with Kinawalang and Maulanis, defendants in another case, to the offended parties, the thirty-nine sacks of
copras which had been robbed, or to indemnify them in the amount of 924 rupees, and to pay a one-half part
of the costs.
Issue:
1.

Whether or not the elements of piracy exist.

2.

Whether or not the offense charged was not within the jurisdiction of the Court of First Instance, nor

of any court of the Philippine Islands.
3.

Whether or not the provisions of the Penal Code dealing with piracy are still in force. Article 153 to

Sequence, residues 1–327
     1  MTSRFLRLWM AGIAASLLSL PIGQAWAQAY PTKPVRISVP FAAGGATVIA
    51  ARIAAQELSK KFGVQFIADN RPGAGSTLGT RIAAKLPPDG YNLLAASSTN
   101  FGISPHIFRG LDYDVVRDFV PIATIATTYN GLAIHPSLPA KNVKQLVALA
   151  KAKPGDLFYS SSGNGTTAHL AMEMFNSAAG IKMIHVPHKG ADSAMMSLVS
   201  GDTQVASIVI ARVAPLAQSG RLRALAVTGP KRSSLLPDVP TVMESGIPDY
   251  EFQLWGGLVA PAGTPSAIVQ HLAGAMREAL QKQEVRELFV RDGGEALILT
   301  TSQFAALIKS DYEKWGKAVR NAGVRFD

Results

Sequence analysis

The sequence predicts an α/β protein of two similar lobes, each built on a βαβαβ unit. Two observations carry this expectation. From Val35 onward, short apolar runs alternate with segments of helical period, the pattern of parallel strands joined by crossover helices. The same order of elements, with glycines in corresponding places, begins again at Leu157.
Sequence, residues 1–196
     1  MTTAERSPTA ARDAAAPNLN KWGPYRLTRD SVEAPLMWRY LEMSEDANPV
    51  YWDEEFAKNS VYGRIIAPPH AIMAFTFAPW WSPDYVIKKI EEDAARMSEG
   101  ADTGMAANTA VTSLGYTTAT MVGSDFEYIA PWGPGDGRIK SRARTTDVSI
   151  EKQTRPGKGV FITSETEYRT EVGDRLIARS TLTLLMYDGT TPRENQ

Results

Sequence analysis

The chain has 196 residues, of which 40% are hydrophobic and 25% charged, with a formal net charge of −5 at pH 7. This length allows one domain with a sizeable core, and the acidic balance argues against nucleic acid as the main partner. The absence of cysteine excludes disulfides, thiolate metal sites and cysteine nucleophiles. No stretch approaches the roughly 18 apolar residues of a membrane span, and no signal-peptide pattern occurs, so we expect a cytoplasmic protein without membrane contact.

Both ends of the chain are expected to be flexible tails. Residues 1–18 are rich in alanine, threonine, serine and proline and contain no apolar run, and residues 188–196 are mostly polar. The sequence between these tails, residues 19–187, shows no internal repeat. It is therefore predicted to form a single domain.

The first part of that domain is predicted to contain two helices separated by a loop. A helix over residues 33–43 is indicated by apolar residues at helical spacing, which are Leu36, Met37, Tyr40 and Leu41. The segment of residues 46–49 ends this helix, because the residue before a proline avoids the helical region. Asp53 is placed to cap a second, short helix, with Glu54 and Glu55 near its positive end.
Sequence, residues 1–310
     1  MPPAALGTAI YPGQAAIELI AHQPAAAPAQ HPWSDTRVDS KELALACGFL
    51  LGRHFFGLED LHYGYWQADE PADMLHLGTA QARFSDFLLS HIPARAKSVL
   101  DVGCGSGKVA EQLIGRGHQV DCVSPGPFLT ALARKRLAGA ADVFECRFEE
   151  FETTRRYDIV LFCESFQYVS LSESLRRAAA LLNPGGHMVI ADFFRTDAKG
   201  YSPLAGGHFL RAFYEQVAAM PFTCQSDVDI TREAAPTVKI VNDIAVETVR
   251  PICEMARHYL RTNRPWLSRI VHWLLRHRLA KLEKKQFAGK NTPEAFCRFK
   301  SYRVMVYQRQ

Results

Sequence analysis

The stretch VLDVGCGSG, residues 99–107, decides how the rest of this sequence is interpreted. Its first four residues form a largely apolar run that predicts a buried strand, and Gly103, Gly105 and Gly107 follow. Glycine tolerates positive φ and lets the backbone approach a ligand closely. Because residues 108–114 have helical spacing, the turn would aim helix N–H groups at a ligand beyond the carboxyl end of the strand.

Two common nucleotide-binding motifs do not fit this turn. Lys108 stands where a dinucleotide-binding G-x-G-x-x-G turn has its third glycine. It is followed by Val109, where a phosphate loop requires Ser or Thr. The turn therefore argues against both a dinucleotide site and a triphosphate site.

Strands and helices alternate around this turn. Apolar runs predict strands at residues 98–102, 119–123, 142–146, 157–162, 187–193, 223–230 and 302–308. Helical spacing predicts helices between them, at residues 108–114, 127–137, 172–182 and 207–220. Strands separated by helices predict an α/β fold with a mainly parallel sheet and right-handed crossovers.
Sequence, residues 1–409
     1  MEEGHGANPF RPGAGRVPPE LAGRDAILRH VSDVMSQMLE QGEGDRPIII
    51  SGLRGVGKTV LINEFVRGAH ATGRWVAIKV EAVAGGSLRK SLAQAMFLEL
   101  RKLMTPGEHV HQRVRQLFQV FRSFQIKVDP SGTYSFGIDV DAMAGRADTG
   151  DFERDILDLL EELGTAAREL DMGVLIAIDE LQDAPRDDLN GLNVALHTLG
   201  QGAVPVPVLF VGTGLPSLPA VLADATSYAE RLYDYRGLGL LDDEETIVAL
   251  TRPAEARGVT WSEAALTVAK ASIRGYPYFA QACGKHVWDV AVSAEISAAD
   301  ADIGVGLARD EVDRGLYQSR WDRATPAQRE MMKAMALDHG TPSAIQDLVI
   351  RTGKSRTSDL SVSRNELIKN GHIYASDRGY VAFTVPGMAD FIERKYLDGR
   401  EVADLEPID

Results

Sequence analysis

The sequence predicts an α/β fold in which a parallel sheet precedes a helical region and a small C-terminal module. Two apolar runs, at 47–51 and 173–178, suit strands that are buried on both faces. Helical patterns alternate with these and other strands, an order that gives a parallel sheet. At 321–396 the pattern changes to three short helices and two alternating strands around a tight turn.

without lawful authority and done animo furandi (intention to steal). Decision: 1. ART. The proven facts are not disputed. 155. 4. Whenever the crime is accompanied by murder. that the Court of First Instance was without jurisdiction of the case. ART. SC held that the provisions of the Penal Code dealing with piracy are still in force. Whenever it is accompanied by any of the offenses against chastity specified in Chapter II. as well as all others of this code. from cadena temporal to cadena perpetua: 1. If the crime be committed against nonbelligerent subjects of another nation at war with Spain. Those who commit the crimes referred to in the first paragraph of the next preceding article shall suffer the penalty of cadena perpetua or death. 154. SC held that the offense charged was within the jurisdiction of the Court of First Instance. when Spain is mentioned it shall be understood as including any part of the national territory. In every case. and those who commit the crimes referred to in the second paragraph of the same article. Whenever they have seized some vessel by boarding or firing upon the same. 3. the captain or skipper of the pirates. The crime of piracy committed against Spaniards. shall be punished with a penalty ranging from cadena temporal to cadena perpetua. It cannot be contended with any degree of force as was done in the lower court and as is again done in this court. who. 3. 2. 5. 2. and of any court of the Philippine Islands. All of the elements of the crime of piracy are present. Piracy is a crime not against any particular state but against all mankind. according to the Constitution of the Monarchy. It . For the purpose of applying the provisions of this code. With respect to the provisions of this title. ART. Ratio Decidendi: 1-2. SC held that elements of piracy exist.156 of the Penal Code reads as follows: ART. 153. every person. 156. or by any of the physical injuries specified in articles four hundred and fourteen and four hundred and fifteen and in paragraphs one and two of article four hundred and sixteen. has the status of a Spaniard shall be considered as such. Piracy is robbery or forcible depredation on the high seas. or the subjects of another nation not at war with Spain. of this book. homicide. Pirates are in law hostes humani generis (enemy of mankind). Title IX. Whenever the pirates have abandoned any persons without means of saving themselves. and in the spirit and intention of universal hostility. it shall be punished with the penalty of presidio mayor.